Radio Jamii: Youth-led broadcast service fosters a sense of belonging in Lwanda
LWANDA, Kenya — In the vibrant village of Lwanda, Kenya, Radio Jamii has become a source of hope and collective progress.
This dynamic youth-led broadcast service emerged in 2021 on the grounds of the Bahá’í House of Worship in Matunda. It was initiated to record and share the program for the Centenary of the Ascension of ‘Abdu’l-Bahá through a social media messaging platform. Its modest beginnings have since blossomed into a promising means of reflecting the community’s high aspirations.
Today, Radio Jamii, meaning “community radio” in Swahili, weaves together insights and perspectives of people from diverse backgrounds, enriching conversations on themes of social progress. Supported by the community, local institutions, and the village chief, the broadcast service has become a valuable contributor to community life.
Fostering a sense of belonging
Boniface Mung’asia Mugajibera, one of Radio Jamii’s founders, emphasizes the service’s inclusive purpose: “The aim of Radio Jamii is to ensure that insights about community building reach a growing number of people, regardless of their religious beliefs, ethnicity, or culture.”
Dennis Makalaya, a member of the team, speaks about the initiative’s role in strengthening community bonds by promoting shared narratives. “We are learning how to create a sense of belonging by giving people the opportunity to discuss their ideas about how to contribute to transformation in our community,” he says.
This approach has cultivated a sense of ownership within the village, particularly through the efforts of the broadcast team to learn about incorporating cultural and traditional aspects of the community into programs. Mr. Mugajibera says, “This is done through storytelling, interviews, and news that is aired in local languages with local music. Presenters are learning about this by studying different cultural literature and exploring traditional music from local artists.”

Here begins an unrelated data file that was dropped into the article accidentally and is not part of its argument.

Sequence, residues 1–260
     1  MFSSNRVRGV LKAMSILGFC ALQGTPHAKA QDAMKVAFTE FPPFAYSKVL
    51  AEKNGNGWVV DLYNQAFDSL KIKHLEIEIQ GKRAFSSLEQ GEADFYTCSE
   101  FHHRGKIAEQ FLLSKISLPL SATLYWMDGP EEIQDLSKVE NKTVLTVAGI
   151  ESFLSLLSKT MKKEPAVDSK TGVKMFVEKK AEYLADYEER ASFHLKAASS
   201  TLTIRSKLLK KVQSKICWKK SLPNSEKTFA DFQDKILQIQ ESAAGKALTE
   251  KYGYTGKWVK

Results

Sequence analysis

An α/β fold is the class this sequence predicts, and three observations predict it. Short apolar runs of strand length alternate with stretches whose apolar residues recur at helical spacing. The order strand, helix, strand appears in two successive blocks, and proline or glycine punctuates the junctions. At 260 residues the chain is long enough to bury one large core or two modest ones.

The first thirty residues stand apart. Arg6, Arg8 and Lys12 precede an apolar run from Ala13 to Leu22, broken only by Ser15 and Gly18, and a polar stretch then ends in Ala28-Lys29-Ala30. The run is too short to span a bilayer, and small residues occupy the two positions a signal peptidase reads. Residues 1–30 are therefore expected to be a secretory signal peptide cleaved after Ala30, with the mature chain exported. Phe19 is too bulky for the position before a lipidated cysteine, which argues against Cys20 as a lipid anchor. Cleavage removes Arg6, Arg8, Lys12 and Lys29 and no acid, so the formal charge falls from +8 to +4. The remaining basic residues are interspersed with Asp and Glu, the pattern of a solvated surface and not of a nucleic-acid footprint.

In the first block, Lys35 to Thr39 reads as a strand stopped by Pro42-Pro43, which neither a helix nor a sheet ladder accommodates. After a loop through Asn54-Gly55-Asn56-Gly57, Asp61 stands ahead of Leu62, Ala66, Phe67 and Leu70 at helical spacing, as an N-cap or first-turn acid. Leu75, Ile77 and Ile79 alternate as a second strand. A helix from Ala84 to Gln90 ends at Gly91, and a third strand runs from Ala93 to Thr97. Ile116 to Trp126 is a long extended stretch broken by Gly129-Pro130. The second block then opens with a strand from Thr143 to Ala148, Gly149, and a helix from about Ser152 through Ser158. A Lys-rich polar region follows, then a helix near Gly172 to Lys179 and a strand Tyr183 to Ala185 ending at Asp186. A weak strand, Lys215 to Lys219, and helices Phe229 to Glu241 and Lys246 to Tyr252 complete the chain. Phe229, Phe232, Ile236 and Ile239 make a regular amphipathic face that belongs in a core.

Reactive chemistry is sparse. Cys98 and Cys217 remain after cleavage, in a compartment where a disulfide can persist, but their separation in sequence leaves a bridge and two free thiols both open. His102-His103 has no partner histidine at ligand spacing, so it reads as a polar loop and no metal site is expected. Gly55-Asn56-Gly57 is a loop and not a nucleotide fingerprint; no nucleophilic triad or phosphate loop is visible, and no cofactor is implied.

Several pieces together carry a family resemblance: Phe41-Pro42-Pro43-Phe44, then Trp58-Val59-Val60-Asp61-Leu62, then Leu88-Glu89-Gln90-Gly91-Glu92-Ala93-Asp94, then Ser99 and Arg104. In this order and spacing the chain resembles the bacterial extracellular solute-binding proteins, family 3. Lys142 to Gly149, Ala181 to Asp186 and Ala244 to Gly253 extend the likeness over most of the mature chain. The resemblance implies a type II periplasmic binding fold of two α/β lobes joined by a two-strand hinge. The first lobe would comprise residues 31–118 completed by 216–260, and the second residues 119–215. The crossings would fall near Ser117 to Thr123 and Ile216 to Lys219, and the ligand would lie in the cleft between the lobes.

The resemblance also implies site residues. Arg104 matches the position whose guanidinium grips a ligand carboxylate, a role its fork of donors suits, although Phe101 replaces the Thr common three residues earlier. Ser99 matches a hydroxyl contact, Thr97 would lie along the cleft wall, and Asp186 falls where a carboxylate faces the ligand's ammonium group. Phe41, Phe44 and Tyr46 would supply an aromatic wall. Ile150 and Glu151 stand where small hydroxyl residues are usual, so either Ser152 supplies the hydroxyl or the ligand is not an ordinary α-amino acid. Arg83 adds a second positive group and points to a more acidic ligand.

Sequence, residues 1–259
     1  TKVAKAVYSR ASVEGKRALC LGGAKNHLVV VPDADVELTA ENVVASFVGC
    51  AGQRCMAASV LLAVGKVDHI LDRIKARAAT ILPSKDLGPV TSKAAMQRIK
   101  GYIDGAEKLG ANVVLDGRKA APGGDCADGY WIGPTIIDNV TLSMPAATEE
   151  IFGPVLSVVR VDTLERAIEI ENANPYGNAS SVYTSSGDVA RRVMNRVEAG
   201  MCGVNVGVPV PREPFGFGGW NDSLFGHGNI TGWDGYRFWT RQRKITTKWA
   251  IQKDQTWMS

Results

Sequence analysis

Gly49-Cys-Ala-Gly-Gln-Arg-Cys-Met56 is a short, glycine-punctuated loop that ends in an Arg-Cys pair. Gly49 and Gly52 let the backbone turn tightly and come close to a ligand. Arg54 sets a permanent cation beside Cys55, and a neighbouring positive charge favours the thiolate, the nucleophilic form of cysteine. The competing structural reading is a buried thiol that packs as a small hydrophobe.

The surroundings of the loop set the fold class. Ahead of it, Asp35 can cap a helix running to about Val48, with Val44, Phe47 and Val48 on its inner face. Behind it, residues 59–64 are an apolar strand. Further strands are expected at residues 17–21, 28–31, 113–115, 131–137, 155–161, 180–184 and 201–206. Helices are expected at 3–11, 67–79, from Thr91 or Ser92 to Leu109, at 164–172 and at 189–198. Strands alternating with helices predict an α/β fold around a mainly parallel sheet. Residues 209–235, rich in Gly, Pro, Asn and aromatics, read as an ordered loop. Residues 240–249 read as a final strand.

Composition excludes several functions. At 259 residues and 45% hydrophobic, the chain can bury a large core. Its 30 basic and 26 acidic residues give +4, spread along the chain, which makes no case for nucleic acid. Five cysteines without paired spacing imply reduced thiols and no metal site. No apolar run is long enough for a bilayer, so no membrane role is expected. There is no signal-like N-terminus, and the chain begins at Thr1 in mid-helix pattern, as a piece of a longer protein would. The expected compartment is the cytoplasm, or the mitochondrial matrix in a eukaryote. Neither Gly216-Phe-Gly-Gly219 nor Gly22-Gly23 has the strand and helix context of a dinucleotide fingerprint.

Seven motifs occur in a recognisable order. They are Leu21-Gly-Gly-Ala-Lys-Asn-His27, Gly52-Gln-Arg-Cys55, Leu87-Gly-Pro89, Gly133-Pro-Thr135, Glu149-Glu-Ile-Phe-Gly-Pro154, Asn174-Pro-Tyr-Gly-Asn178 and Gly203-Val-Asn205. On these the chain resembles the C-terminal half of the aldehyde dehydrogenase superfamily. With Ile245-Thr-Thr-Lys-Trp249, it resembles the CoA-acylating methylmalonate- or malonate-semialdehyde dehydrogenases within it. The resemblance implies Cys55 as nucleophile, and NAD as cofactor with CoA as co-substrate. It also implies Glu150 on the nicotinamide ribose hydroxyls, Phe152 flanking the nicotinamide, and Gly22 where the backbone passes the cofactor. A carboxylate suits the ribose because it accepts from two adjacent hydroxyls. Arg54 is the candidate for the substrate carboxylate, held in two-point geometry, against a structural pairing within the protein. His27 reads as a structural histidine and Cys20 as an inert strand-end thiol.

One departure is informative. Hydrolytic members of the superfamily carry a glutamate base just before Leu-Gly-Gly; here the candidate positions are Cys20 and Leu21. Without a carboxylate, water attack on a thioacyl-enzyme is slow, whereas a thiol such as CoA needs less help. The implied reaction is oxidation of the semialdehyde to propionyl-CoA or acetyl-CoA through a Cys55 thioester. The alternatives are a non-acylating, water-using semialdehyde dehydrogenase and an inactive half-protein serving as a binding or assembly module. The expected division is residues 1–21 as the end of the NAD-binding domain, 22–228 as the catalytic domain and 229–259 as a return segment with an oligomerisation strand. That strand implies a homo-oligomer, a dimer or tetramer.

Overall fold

The programs of Radio Jamii also address a wide range of pertinent community issues, from agriculture and environmental conservation to health, featuring practitioners from these fields as well as drawing on insights from religion. Daily news programs focus on local events, particularly those contributing to social cohesion and collective wellbeing.
Albert Lihanda who oversees the functioning of Radio Jamii explains that although the focus of reporting is on activities in Lwanda, the initiative’s vision of inclusivity means that the team makes efforts to connect other communities to the expanding conversation. “We also visit more remote villages to capture audio recordings of their stories and perspectives, ensuring that the voices from the outskirts are also heard and valued in our broader conversation,” he says.
Growing in complexity
Radio Jamii has seen its operations expanding over the past two years, with the number of participants in the initiative growing from a few dedicated youths to a group of 18 young people. Together, they are shouldering responsibility for an array of production roles, encompassing research, writing, presenting, recording, editing, and distribution.
These youth are not only gaining technical skills but are immersing themselves in an environment rich with spiritual insights and knowledge from diverse academic subjects, which they then weave into their broadcasts.
This experience, together with the dynamic environment at the small recording studio, is inspiring some of these youth to pursue further education in the field of media.
Inspiring support of local leaders
Local leaders in the village of Lwanda are recognizing the impact that Radio Jamii is having and express their support for it. Mourice Mukopi, the Chief of Lwanda, often invites the broadcast team to meetings with the village elders, and other public officials, to share music and other content highlighting promising community activities, including those emerging from Bahá’í efforts focused on moral and spiritual education.
Chief Mukopi has ensured that the village elders’ social media messaging group regularly receive content from Radio Jamii as a means of keeping them informed of community activities.
He also expressed joy at seeing the youth of the village develop new capacities and create opportunities for service as journalists and reporters—activities that had never been part of village life.
“I have observed transformation since Jamii radio engaged our youth,” said Mr. Mukopi, “I have seen youth leave behind crime and participate in activities aimed at the betterment of our community.”